Policies for the provision of electricity to customers in Northern Ireland need to be reviewed. The key decisions on electricity provision are evolving, partly, through the all-island Single Electricity Market (SEM).
However, important features of the electricity sector in Northern Ireland also fall within the remit of the recently published UK-wide Electricity Market Reform (EMR).
To meet the requirements of EU directives, after a two-year derogation, the operating framework of the SEM must be reviewed by its joint north-south agency, the SEM Committee (SEM C) which is accountable through the Utility Regulator. This sets a series of inter-locking policy questions for the Department of Enterprise, Trade and Investment (DETI) to consider, along with shared responsibility with the Irish Department.
The objective is to build a cross-border electricity market where exports and imports of electricity can respond to market wider opportunities.
The market in Great Britain (GB) is contrastingly different. The BETTA framework hosts trading arrangements between specific generators and supply companies. Both GB and Irish systems are functionally acceptable but they use different trading structures. One consequence is that electricity trading between GB and this island does not work in a fully flexible marketplace.
In addition, the GB market is now to be shaped around a price setting formula for new electricity generation based on a system where a 'strike price' is set and generators earn their income based on the application of contracts for difference (CFD).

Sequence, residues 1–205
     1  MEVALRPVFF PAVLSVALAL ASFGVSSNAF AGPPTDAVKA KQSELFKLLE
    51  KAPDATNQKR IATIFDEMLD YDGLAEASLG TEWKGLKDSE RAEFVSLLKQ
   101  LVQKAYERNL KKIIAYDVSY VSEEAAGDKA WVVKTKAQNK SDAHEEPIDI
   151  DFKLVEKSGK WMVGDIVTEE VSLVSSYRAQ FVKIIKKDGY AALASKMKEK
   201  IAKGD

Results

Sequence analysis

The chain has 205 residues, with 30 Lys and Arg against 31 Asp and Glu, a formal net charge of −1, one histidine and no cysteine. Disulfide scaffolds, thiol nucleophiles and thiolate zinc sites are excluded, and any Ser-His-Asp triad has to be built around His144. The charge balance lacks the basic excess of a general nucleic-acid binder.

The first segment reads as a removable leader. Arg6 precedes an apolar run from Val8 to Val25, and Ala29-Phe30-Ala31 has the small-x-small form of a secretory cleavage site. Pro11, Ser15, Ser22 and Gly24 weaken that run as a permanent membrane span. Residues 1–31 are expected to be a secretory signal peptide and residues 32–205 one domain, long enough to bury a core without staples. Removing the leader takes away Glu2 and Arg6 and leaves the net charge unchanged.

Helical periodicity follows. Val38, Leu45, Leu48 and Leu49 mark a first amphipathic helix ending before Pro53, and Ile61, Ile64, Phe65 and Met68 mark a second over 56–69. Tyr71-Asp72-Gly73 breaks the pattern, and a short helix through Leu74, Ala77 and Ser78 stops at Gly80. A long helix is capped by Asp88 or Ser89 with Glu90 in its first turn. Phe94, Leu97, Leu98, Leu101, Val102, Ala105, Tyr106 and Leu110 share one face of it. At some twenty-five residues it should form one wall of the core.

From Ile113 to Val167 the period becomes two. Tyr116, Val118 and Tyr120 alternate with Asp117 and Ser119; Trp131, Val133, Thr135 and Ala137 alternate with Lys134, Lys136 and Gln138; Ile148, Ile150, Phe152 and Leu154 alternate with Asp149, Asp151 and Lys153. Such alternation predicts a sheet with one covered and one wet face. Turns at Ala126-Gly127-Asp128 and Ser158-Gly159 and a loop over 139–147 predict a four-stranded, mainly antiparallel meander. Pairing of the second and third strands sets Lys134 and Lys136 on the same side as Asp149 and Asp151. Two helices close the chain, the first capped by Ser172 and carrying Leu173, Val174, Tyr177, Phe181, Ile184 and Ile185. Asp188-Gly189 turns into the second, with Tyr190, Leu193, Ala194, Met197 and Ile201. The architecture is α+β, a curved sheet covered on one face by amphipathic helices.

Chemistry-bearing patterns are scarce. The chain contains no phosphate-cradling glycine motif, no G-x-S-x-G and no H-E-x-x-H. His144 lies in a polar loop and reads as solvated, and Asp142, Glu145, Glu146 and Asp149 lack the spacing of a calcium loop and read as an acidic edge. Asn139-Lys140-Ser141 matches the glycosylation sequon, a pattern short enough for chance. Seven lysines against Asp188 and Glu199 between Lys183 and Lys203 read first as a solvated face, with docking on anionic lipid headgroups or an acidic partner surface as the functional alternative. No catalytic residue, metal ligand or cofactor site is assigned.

The all-island market presently continues to use an all-island wholesale pricing pool to schedule generation. An unfinished debate is taking place on whether the SEM C should commend to DETI that the electricity arrangements should switch to bilateral trading from the current central dispatch rules. Then DETI (and its Dublin counterpart) will be asked to approve (or reject) the SEM C recommendations.
Ideally, both in Belfast and Dublin, this question should be influenced by consideration of which answer makes trading with GB more competitive and keeps prices as low as competition allows. There are differing opinions amongst the larger trading organisations on the merits of this choice.
Critical to the long-term stability of the electricity sector is the development of a secure inter-connection system between north and south on this island, between Scotland and Northern Ireland, between Ireland and Wales and further out between these islands and France and Belgium. The degree of easy interconnection is critical to the security of overall supply and also to the viability of increased generation from renewable sources.
At present the constraints on interconnection are so tight that, logically, the Regulator should consider a warning of a possible pause on the approval of extra renewable capacity in Northern Ireland. The Moyle interconnector is faulty and the cross-border connection in Tyrone-Cavan has still not been approved. These delays are costing customers here an avoidable extra £40m each year.
A further issue for DETI is the need to review the application of the subsidies for Renewable Generation to match the changes now proposed, from 2017, in GB. Will the prices for renewable energy continue to match those in GB? If they differ, where will the subsidy bill lie?
Mutual Energy, a non-profit distributing business, owns the Moyle Inter-Connector which has usefully facilitated trading across the North Channel. Moyle is facing unexpected problems because of an asset failure which may mean a need for further investment. Currently, Mutual Energy has a guarantee approved by the Regulator, that NI customers will make good its operating deficit. In the changed environment, to avoid any extended customer guarantee, there would be merit in transferring Mutual Energy to become operationally part of NIE. The minister might consider a strategic policy role.
In summary, the policy, politics and regulation of the Anglo-Irish electricity sector have just become a lot more testing.